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With: Greg Cipes, Scott Menville, Khary Payton, Tara Strong, Hynden Walch, Will Arnett, Kristen Bell, Michael Bolton, Nicolas Cage, Jimmy Kimmel, Patton Oswalt, Wil Wheaton (voices)
Written by: Michael Jelenic, Aaron Horvath
Directed by: Aaron Horvath, Peter Rida Michail
MPAA Rating: PG for action and rude humor
Running Time: 93
Date: 07/27/2018
IMDB

Teen Titans Go! To the Movies (2018)

3 Stars (out of 4)

Sidekick Start

By Jeffrey M. Anderson

When I was a kid, Marv Wolfman and George Perez's "New Teen Titans" comics were among the best reads out there. It was a 1980s reboot of the silly 1960s version, carrying over Robin, Kid Flash, and Wonder Girl, and introducing Changeling (formerly Beast Boy), Cyborg, Raven, and Starfire. The stories dealt with problems of fitting in, in an interesting, mature way. One story cycle from this series, "The Judas Contract," is considered among the best comics stories of all time.

The new movie Teen Titans Go! To the Movies — based on a Cartoon Network series — contains the same characters (minus Kid Flash and Wonder Girl), but is entirely different. It's more hyperactive, more in tune with today's YouTube and Snapchat teens. Yet it's also hilariously self-aware, zippy and colorful, and with tons of references to old-time DC readers like myself. (Although even I never read "Challengers of the Unknown.")

The plot, basically, concerns Robin (voiced by Scott Menville) wanting to be taken seriously enough to have a big-screen superhero movie made about him. He decides that the team needs their own arch-nemesis, and they think they may have found him in Slade (voiced by Will Arnett, who, ironically, sometimes performs the voice of Batman). Slade — I knew him from the comics as "Deathstroke the Terminator" — wants to steal some kind of power stone for some "taking-over-the-world" evil plan, but Robin is more concerned about his movie.

The team gets a call from movie director Jade Wilson (voiced by Kristen Bell), who has finally decided to make the movie, but in order to do so, Robin must quit the team. The plot is pretty predictable, but the silliness that swirls in and around each familiar twist is fresh and funny. The Titans perform little musical numbers during battle, especially a "sick" rap song and a great 1980s "uplifting, inspirational" song, sung by none other than Michael Bolton.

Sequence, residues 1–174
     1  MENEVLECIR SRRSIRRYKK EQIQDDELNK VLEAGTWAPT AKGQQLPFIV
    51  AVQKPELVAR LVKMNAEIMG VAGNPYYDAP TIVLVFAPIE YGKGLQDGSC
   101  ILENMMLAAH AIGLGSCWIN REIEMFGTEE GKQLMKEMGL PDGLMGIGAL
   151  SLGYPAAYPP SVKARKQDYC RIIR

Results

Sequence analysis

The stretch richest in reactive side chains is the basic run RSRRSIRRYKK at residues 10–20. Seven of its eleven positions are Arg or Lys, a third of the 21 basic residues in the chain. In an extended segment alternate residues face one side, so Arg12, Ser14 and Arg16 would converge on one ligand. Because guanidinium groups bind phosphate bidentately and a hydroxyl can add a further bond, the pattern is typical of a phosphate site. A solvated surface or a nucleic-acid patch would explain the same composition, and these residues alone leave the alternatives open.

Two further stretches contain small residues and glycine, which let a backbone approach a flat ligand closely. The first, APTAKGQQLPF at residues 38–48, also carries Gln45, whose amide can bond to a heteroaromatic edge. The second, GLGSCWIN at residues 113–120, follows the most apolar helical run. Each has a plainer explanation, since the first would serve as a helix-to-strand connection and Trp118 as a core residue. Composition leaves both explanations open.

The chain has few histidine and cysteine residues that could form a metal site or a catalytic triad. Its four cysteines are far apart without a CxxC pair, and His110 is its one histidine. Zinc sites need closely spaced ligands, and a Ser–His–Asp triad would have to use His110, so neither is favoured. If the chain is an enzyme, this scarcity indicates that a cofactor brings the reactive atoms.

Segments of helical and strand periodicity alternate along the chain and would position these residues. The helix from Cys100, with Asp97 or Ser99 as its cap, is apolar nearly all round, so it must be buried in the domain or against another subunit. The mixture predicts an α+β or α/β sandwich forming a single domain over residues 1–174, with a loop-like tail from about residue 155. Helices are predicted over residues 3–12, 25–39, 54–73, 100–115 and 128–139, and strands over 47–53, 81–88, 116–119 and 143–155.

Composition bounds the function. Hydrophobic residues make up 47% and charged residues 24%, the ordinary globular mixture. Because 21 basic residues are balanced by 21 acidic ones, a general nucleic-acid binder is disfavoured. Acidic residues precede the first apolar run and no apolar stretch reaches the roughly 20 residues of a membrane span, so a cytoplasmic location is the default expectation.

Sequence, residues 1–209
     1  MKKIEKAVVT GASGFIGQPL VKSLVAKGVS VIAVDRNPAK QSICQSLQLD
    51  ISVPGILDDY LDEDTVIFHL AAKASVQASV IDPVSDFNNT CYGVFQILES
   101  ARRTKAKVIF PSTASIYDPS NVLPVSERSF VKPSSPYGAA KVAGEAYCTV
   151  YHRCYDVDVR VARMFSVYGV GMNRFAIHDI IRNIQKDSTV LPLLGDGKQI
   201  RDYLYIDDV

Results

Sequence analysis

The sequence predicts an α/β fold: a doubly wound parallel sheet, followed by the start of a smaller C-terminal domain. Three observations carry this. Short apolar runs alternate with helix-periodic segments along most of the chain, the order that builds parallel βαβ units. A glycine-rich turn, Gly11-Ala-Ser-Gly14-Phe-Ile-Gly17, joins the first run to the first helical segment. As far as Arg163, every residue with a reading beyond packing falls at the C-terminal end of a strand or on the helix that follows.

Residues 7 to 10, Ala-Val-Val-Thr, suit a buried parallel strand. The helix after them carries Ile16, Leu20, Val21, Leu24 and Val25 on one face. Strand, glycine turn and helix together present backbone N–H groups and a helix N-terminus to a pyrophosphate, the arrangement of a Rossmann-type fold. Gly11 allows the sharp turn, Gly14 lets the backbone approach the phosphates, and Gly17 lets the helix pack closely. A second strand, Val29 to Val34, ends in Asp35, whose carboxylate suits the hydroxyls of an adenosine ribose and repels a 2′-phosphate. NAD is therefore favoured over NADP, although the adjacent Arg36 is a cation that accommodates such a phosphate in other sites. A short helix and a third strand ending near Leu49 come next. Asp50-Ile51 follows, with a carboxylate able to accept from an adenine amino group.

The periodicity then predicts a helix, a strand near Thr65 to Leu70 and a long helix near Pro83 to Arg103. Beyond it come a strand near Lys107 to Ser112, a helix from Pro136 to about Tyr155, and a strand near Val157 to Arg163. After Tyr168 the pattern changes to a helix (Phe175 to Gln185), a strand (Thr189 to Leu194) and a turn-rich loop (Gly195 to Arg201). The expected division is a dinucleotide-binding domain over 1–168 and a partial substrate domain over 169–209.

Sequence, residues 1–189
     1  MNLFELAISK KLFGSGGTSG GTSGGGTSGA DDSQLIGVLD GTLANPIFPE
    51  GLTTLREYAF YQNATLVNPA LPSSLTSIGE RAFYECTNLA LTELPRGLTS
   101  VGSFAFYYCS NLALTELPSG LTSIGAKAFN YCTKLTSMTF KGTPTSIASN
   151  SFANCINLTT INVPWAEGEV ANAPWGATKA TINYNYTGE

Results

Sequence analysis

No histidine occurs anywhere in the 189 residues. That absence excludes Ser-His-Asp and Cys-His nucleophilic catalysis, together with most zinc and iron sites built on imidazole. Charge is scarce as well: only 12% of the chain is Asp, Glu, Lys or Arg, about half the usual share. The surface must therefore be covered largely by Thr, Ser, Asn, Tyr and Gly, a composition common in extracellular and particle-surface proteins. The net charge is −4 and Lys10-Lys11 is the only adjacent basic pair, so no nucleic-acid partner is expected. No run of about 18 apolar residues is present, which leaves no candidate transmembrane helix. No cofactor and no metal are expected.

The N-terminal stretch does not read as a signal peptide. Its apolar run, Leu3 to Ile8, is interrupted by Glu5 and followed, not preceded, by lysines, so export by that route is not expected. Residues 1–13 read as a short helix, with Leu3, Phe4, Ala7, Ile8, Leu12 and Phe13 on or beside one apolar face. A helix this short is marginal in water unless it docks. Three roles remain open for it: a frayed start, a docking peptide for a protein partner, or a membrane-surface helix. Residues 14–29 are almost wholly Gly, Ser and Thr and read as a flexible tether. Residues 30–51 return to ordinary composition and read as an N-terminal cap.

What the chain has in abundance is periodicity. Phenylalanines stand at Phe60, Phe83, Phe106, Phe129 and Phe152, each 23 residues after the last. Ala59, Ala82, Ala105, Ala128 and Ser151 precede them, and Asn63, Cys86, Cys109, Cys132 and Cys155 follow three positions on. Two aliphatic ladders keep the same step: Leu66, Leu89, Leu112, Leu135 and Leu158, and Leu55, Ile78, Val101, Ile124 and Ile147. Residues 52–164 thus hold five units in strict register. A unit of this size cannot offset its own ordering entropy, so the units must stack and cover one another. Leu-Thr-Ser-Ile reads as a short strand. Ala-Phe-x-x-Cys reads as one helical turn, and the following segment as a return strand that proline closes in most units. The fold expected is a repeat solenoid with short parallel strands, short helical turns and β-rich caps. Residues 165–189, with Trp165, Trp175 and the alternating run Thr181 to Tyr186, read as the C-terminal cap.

If the movie had gone on any longer, say, as long as Zack Snyder's Batman v. Superman — which this movie effectively skewers — the characters could wear on a person. Beast Boy (voiced by Greg Cipes) — no longer "Changeling" — speaks in a kind of streetwise slang, sentences punctuated with "yo." Starfire (voiced by Hynden Walch), an alien unfamiliar with earth's ways, uses "the" in strange places, such as "you are the friend" and "today is the good." Cyborg (voiced by Khary Payton), however, is cool, and so is Raven. She's voiced by Tara Strong, a veteran voice actor best known for The Powerpuff Girls, and tons of other voices you'd recognize. She gives Raven a snide "whatever" growl, reminiscent of "Daria."

In a wonderful surprise, Nicolas Cage voices Superman in a few scenes; Cage was in talks to play the Man of Steel back in the 1990s when a version worked on by the likes of Tim Burton and Kevin Smith eventually fell apart and never materialized. Many deep-cut DC characters appear on the sidelines, if you look fast, including some of my favorites: Swamp Thing, Deadman, the Spectre, Jonah Hex, Plastic Man, and more.

The humor ranges from these little references to questioning the entire idea of superhero movies, and superheroes in general. It's nothing in-depth, mind you, but it does raise the question, which is interesting enough. It's a little like The Lego Movie and The Lego Batman Movie, in its relentless attempts at humor, though Teen Titans Go! To the Movies isn't quite as constantly clever (it contains fart jokes and jokes about Robin's "little hands"), and certainly its two-dimensional animation is no match for the glories of the Lego movies, but its spirit is there. It knows enough to jump into the fray, make some noise and some flash, and get out while the getting's good.

(Note: The movie played with a fun little girl-power short film called The Late Batsby.)

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